The same as the preceding, but a different edition, one being in black-letter, the other in Roman. Both were printed in Oxford, and in the same year.
A Collection of Prayers and Thanksgivings used in His Majesties C hapel and in his Armies, upon occasion of the late Victories against the Rebels. Oxford, 1643.
This was reprinted at York in 1644.
The Cavaliers' New Common Prayer Booke, unclasp't. Reprinted at London, with some briefe and necessary Obseruations to refute the Lyes and Scandalls that are contained in it. 1644.
This is a reprint of the preceding form, with a scurrilous preface and observations. The prayers are given as they stand in the Royal form, but with parenthetical sentences of a most abusive character after almost every paragraph. Thus, after the clause, "Pity a despised Church," the authors add, "You mean the prelates and their hierarchy." After the next clause, "and a distracted State," they add, "made so by your wicked party." In one of the thanksgivings, after "Glory be to God," we have, "Your mock prayers defraud Him of His glory." Then, after the words "We praise thee, we bless thee," &c., from the Communion Office, we have, "Softly, lest you want breath, and thank the old Common Prayer Book for that."
Private Forms for these Sad Times. Oxford, 1645.
A Form of Thanksgiving, to be used the Seventh Day of September, thorowout the Diocese of Lincoln, and in the Jurisdiction of Westminster.
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This remarkable form has no date, but it was put forth by Williams, then Bishop of Lincoln and Dean of Westminster, in the year 1641. The House of Commons had ordered a day of Thanksgiving; but they were greatly offended with Williams, on account of this form, and, instead of going to St. Margaret's Church as usual, where it was ordered to be read, they attended divine service, after their own fashion, in the chapel of Lincoln's Inn.
A Supply of Prayers for the Ships of this Kingdom that want Ministers to pray with them agreeable to the Directory, &c. London. Published by authority.
A Presbyterian form, and the only one ever published by men who decried all forms. It was put forth, as the preface admits, because the sailors clung to the Book of Common Prayer.
Prayers to be used in the Armies. 1648.
A Form of Prayer used at His Majesties Chapel at the Hague. 1650.
Prayers for those who mourn, &c. 1659.
Form of Common Prayer, to be used on the Thirtieth of January, &c. 1661.
This form differs materially from that subsequently put forth by Convocation, with the revised Prayer Book of 1662. There was also another form still earlier, in the year 1661, in which some singular and obnoxious petitions relative to Charles I. were found.
A Form of Prayer with Thanksgiving, to be used on the 29th of May, 1661.
The original edition. It differs from that which was sanctioned by Convocation and published in 1662.
Form of Prayer, &c. June 12. Fast during a Dearth. 1661.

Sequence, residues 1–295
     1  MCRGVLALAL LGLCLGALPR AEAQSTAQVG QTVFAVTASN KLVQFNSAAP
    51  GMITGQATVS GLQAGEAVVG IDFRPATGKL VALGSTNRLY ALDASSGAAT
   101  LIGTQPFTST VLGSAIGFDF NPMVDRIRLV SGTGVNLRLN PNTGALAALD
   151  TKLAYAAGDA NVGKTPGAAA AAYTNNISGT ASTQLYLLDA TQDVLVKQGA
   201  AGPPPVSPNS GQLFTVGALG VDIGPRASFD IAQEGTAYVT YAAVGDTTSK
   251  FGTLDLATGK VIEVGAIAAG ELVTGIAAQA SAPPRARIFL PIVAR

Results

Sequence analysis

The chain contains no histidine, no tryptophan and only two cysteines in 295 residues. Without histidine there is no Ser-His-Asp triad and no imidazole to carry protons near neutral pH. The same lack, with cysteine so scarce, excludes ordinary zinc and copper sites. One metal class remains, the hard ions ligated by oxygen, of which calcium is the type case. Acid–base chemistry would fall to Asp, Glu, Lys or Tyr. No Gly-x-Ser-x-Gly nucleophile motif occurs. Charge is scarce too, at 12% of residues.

Form, &c. Fast during a Sickness. 1661.
Form, &c. Fast, to implore a Blessing on the Naval Forces. April 5, 1665.
Form, &c. Thanksgiving for Victory by Naval Forces. July 4, 1665.
Form, &c. Fast, on occasion of the Fire of London, 1666.
Form, &c. Thanksgiving for Victories at Sea. 1666.
Form, &c. Fast. 1674.
Form, &c. Fast. 1678.
Form, &c. Fast. Dublin, 1678.
Form, &c. Fast. Dublin, 1679. To seek Reconciliation with God, and to implore Him that he would infatuate and defeat the Counsels of the Papists our Enemies. By the Lord Lieutenant.
Form, &c. Fast. 1680.
Form, &c. Thanksgiving. 1683. For the discovery of Treason.
Form, &c. Thanksgiving. 1685.
Form of Prayer with Thanksgiving for 29th May, 1685.
First edition of this reign. It was altered by the authority of the Crown.
Form of Prayer, &c. January 30, 1685.
First edition of this reign.
Form of Prayer, &c. February 6, 1685.
The accession service of James II.
A Form or Order of Thanksgiving, to be used, &c. in behalf of the King, the Queen, and the Royal Family, upon occasion of the Queen's being with Child. 1687.
This form was the occasion of much comment at the time.
A Form of Prayer with Thanksgiving, &c., for the Birth of the Prince. 1688.
A Form, &c. Fast. 1689.
A Form, &c. Fast. 1690.
A Form, &c. Fast. 1694.
A Form, &c. Fast. 1714. Thanksgiving on the Accession of George I. Thomas Lathbury. Bristol.
Minor Notes.
Chair Moving.—Recent occurrences made me look back at Glanvill'sBlow at Modern Sadducism account of the "Dæmon of, and I observed that in his Tedworth," who was supposed to haunt the house of Mr. Mompesson, and who was the original of Addison's "drummer," it is stated that on the 5th November, 1662, "in the sight and presence of the company, the chairs walked about the room," p. 124. N. B.
Epitaph on Politian in the Church of the Annunciation at Florence.
"Politianus in hoc tumulo jacet Angelus, unum Qui caput, et linguas (res nova) tres habuit."—FromTravels of Sir John Reresby. Y. B. N. J.
[The following translation of this epitaph is given in theEncy. Britannica, but it is there stated to be in St. Mark's, Florence:
"Here lies Politian, who, thin s stran e indeed,